How NOT to Stuff Up a Company Restructure
Each product has its own life cycle. A product will be ‘born’, it will ‘grow’, it will ‘mature’, provide a period of ‘saturation’ and, eventually, it will ‘decline/die’. Some products, like Tip Top, have retained their market position for a long time. Others may have their success undermined by falling market share or by competitors.
The product life cycle shows how sales of a product change over time. There are typically 4-5 stages of the life cycle of a product. Not all products follow these stages precisely and time periods for each stage will vary widely. Growth, for example, may take place over a few months or, as in the case of Tip-Top, over decades.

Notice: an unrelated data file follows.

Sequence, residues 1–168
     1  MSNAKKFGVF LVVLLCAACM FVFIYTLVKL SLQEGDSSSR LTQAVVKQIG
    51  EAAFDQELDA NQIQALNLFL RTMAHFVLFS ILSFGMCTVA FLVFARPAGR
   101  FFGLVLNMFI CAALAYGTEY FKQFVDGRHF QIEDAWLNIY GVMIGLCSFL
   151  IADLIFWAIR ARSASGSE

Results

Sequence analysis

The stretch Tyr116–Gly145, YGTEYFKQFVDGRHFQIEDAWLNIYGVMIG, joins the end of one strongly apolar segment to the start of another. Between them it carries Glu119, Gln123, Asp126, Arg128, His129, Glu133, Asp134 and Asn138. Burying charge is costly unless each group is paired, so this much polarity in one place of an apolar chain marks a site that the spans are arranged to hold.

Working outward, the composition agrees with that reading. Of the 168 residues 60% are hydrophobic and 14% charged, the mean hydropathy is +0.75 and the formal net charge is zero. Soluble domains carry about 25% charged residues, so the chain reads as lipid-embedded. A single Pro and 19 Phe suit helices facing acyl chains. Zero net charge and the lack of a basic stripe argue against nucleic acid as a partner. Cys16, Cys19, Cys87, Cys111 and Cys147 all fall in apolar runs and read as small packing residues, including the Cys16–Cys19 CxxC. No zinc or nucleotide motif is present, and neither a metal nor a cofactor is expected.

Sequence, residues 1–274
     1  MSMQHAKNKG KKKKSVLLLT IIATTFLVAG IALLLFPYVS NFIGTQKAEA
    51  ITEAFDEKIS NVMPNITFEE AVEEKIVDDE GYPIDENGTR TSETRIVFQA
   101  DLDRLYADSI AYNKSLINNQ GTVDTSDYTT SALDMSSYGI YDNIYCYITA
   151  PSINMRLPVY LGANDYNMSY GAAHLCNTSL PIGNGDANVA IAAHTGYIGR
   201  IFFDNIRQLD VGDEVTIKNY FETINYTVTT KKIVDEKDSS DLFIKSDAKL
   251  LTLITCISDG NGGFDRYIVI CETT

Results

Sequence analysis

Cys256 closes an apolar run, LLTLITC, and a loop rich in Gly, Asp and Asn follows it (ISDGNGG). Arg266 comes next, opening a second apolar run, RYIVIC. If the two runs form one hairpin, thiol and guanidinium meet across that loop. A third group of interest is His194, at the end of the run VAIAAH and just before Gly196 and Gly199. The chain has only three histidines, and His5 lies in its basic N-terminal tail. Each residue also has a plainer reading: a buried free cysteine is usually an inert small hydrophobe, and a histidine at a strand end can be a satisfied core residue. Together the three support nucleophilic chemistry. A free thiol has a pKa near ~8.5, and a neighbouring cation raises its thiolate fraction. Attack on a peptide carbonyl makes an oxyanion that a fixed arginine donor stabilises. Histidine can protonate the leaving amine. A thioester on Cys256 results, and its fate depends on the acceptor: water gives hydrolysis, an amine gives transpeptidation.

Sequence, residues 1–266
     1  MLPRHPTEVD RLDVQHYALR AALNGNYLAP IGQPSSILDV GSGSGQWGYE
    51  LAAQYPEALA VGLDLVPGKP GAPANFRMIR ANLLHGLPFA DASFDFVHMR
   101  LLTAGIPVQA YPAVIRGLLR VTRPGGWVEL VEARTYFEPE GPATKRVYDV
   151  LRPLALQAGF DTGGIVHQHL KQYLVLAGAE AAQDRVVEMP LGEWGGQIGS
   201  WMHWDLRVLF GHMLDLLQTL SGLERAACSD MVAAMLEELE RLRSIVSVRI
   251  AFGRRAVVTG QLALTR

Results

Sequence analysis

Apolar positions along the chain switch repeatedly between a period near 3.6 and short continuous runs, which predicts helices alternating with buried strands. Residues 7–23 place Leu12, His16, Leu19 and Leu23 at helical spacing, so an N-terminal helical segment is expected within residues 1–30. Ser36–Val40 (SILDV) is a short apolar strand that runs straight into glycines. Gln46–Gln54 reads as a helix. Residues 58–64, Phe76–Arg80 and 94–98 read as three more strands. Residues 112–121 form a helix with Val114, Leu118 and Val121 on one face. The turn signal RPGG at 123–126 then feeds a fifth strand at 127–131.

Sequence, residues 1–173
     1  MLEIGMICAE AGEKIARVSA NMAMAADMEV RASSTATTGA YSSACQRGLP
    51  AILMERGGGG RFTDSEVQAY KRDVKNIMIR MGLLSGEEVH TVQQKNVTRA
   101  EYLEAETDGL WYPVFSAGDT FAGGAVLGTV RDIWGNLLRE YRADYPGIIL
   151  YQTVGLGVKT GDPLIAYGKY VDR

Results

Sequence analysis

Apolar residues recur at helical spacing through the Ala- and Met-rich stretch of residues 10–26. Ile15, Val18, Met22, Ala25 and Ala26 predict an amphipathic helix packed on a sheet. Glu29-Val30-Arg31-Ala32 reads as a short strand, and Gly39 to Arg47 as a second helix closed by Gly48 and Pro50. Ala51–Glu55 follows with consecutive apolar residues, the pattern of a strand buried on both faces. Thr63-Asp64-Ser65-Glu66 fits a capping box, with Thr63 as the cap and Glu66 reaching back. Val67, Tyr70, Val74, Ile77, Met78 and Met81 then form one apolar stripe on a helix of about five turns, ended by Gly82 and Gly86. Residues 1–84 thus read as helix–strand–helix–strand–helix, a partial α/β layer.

However, perhaps the most important stage of a product life cycle happens before the birth, namely the research and development (R&D) stage. Here the company designs a product to meet a need in the market. The costs of market research – to identify a gap in the market and of product development to ensure that the product meets the needs of that gap – are called ‘sunk’ or start-up costs.